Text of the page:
This post is originally the first aritcle in the “My P3Dv4 Setting Up” series. However, since I do normally perform the configuration back up mentioned in the second article first, I therefore rename this post to #02 and the second post #1. Publishing time adjusted as well to reflect the proper order.
As stated in the About FSX Times of this blog, my goal is to achieve a stable flight simulation system performance with a minimum 30 fps in average. Luckily, I’ve been able to achieve that goal with some compromises. But unluckily, that 30-something fps level also acts like a barrier that stops me from passing.
I am not sure yet whether the 64-bit P3Dv4 and my new hardware would help break this spell for good. But the 120 to 210 fps initially gained from the new system without any tuning seems like a promising start.
As the hardware side of my new cockpit is still not ready, I’ll take it slowly to install addons and to finetune the system. Continue reading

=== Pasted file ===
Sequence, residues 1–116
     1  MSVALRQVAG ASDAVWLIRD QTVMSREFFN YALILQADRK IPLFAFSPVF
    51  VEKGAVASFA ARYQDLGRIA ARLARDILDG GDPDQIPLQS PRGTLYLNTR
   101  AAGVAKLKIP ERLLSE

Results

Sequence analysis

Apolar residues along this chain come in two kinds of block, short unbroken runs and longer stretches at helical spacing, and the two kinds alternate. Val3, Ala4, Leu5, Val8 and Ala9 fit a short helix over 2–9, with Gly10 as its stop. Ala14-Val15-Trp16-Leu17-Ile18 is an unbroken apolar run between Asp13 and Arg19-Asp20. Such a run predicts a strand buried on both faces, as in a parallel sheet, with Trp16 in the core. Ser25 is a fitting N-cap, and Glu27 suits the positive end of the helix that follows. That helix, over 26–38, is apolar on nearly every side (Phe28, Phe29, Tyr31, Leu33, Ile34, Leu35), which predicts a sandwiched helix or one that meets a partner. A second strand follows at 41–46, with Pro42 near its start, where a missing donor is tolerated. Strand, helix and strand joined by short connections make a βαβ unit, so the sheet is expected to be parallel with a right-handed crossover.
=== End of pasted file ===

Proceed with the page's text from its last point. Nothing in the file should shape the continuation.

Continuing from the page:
Actually this is the second piece in the “My P3Dv4 Setting Up” series of articles. However, since I normally do the back up before migrating FSX aircraft described in the last story, I therefore name this post #01 and rename the last one #2. Publication time is adjusted as well for proper display order.
After every installation (whether it is P3D or FSX or other similar programs, and no matter if it is a new install or a re-installation), I’ll immediately do a back up for the key configuration files first. In P3Dv4, most of the user-configurable files are located in the following folders:
- C:\Users\<username>\AppData\Roaming\Lockheed Martin\Prepar3D v4
- C:\ProgramData\Lockheed Martin\Prepar3D v4
The first one is where the Prepar3D.cfg and some other key configuration files reside. The second contains the Scenery.cfg and other related configurations. Continue reading